Friday, July 29, 2005

Matt Clement - How Fragile Is A Life And An Athletic Career

I have heard the sound before - the thud of a baseball traveling over 100 miles an hour impacting the man on the mound who had released the ball only microseconds earlier. I heard it again on Tuesday night at Tropicana Field as Red Sox pitcher, Matt Clement, miraculously escaped serious injury after being hit in the head by a line drive off the bat of Devil Rays’ outfield, Carl Crawford.

I had made a quick trip to Tampa to visit my sister. We grew up on Boston's North Shore cheering for the Red Sox, so we try to catch games together whenever we have the chance. We were lucky enough to have been given premium seats by a friend who works for the Devil Rays. So, we were sitting about as close as possible to the field when the frightening accident occurred. From our vantage point just behind the Tampa Bay dugout, we heard the loud report of the ball as it caromed off of Clement’s skull and bounced deep into the outfield. The pitcher grabbed his head and then dropped to the ground as medical personnel poured onto the field from both dugouts and from the stands. The crowd waited in stunned silence as the drama played out before us. Our thoughts were no longer on the score or on the standings but on the health and career of a gifted athlete whose future hung in the balance as he lay motionless on the mound.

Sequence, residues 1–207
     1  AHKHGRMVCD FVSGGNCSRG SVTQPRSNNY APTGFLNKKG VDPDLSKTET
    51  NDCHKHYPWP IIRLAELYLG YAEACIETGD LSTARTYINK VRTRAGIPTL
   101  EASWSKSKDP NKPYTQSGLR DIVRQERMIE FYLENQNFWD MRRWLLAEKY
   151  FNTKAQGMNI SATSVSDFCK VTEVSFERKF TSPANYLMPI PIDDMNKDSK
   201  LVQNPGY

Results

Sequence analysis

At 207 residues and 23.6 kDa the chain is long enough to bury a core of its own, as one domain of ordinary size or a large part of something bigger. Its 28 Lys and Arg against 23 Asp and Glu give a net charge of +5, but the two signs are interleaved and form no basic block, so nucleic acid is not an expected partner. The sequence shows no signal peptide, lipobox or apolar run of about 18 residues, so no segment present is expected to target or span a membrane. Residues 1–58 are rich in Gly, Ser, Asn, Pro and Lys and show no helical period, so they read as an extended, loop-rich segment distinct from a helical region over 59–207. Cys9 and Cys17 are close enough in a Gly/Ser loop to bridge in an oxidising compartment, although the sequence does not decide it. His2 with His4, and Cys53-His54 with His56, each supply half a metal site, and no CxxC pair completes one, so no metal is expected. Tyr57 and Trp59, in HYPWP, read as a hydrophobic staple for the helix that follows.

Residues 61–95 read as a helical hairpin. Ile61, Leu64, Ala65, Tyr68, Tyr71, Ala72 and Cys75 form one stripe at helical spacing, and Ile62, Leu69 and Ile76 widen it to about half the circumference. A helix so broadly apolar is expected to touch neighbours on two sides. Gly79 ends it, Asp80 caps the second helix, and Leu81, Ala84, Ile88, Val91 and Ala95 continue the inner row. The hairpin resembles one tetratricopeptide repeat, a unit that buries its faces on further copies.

We know today that he escaped serious injury, but those were frightening moments in the bottom of the third inning. I had heard the sound before when Bryce Florie was hit in the face. Here is the way that incident was described in a 2002 story written on Opening Day be a Cincinnati Red’s writer, Tim Sullivan:

On Sept.8, 2000, pitching in relief for the Boston Red Sox, Florie threw a pitch to the Yankees' Ryan Thompson that came back at him like a cowhide cannon shot. Before Florie could raise his glove in self-defense, the ball shattered bones surrounding his right eye.

Florie returned to the big leagues last June and threw 8 2/3 ineffective innings for the Red Sox before being released. Hamilton drove to Louisville last fall to watch his friend pitch for the Triple-A Toledo Mud Hens, and remembers Florie flinching whenever a ball was struck in his vicinity. Pitching can be perilous work and Bryce Florie now serves as a symbol of the fragile nature of a ballplayer's career. He is currently employed as a farm hand in the A's organization.

I am old enough to remember the tragic saga of Tony Conigliaro and the near-fatal and career-ending beaning he suffered while playing for the Red Sox in 1967. He was on track for a Hall of Fame career and then – poof – it was all gone.

I have a friend who often repeats the phrase: “Tomorrow is not promised to us.” This week’s latest reminder of the fragility of an athletic career and the evanescent nature of life should serve as a cautionary tale to prompt us to treasure each day and to wring from it all that we can. I thank God for the gift of each new day and pray for the strength and wisdom to invest it wisely.

I wish that someone close to Manny Ramirez would encourage him to read these words and heed them. But, that is a topic for another day . . .

God bless.


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